What the U.S. Debt Problem Means for the Global Economy

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Since the time of the Founding Fathers, U.S. leaders have believed in the concept of American exceptionalism, that the U.S. is a special country with a special mission. It is a notion that continues to this day. And when it comes to the threat its deteriorating national finances present to the world economy, the U.S. is truly exceptional. That danger was finally made clear by Standard & Poor’s on Monday, which changed the outlook on its U.S. sovereign rating to negative – in other words, the S&P is threatening to downgrade the U.S. from its traditional triple-A status. The implications of this move are incredibly far-reaching. No, it doesn’t mean the U.S. in on the verge of a debt crisis. But it does mean the world can’t act like an elephant isn’t in the room. We’ve seen a debt crisis grip Europe and worries mount over the financial state of Japan. Those problems are scary enough. But when it comes to terrifying debt-crisis scenarios, the U.S. stands in a universe all its own.

That’s not because the U.S. debt burden is the biggest – Japan’s government debt is more than twice as large, relative to its GDP – but because of the exceptional role the U.S. plays in the global economy. A debt crisis in Portugal could send ripples of uncertainty through world financial markets, and if a larger country like Spain fell into crisis, those ripples could prove mighty destabilizing. But U.S. debt runs the risk of crashing the entire operating system of the global economy. Here’s what I mean:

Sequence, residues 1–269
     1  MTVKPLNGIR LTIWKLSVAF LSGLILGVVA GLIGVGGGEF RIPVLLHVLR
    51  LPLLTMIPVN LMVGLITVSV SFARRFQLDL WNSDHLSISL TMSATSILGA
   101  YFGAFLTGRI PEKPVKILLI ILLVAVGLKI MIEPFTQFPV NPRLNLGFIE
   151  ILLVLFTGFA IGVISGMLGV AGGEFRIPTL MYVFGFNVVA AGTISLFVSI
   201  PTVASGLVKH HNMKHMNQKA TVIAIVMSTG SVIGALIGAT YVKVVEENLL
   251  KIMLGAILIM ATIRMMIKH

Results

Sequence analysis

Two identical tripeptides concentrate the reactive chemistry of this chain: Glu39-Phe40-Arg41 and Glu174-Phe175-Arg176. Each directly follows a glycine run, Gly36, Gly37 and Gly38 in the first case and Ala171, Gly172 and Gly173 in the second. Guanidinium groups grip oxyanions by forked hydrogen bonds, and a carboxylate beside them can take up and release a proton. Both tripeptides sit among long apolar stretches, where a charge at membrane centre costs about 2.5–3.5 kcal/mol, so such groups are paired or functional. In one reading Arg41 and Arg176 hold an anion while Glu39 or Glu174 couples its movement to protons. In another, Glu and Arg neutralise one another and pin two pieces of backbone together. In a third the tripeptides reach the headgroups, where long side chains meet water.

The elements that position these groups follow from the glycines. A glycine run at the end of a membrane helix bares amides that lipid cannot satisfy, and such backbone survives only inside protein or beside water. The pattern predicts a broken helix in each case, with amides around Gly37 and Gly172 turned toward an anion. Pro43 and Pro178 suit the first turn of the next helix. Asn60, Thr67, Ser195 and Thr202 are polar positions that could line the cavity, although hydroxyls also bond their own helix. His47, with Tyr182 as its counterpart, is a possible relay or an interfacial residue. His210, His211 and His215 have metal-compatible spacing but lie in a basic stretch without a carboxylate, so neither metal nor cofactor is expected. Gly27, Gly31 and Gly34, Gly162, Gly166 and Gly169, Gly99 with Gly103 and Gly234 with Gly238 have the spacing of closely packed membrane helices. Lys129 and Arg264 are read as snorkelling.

Not only is the U.S. the world’s largest economy – by far – but it also dominates the global monetary system. In many respects, the entire architecture of global finance is built upon the U.S. economy. Its capital markets are the most liquid. The dollar is the world’s No. 1 reserve currency and the primary one used in foreign exchange transactions and trade. Countries like China and Japan have their national wealth stored to a great degree in U.S. debt. When investors get nervous, they rush to U.S. dollar–based assets, and especially U.S. debt. The perception has always been that the U.S. is the ultimate safe haven. Even as its financial condition sickens, that perception remains. Despite a dramatic increase in U.S. deficits and debt in recent years, the country has still been able to borrow at exceptionally low rates. In other words, the U.S. has benefited tremendously from its economic exceptionalism.

Now let’s speculate on what would happen if that perception fundamentally changed. U.S. Treasury securities would be seen as riskier and would therefore become less attractive. Interest rates would rise in the U.S. as a result, not only making it harder for the government to finance budget deficits and debt, but also raising borrowing costs across the economy, slowing investment and consumption. The U.S. dollar would weaken, undermining the value of currency reserves around the world and speeding us along to the day when the dollar is no longer the world’s premier currency. All that would be destabilizing enough. It would likely mean slower growth in the world’s largest economy, deteriorating living standards for Americans, and thus slower growth for the entire world economy.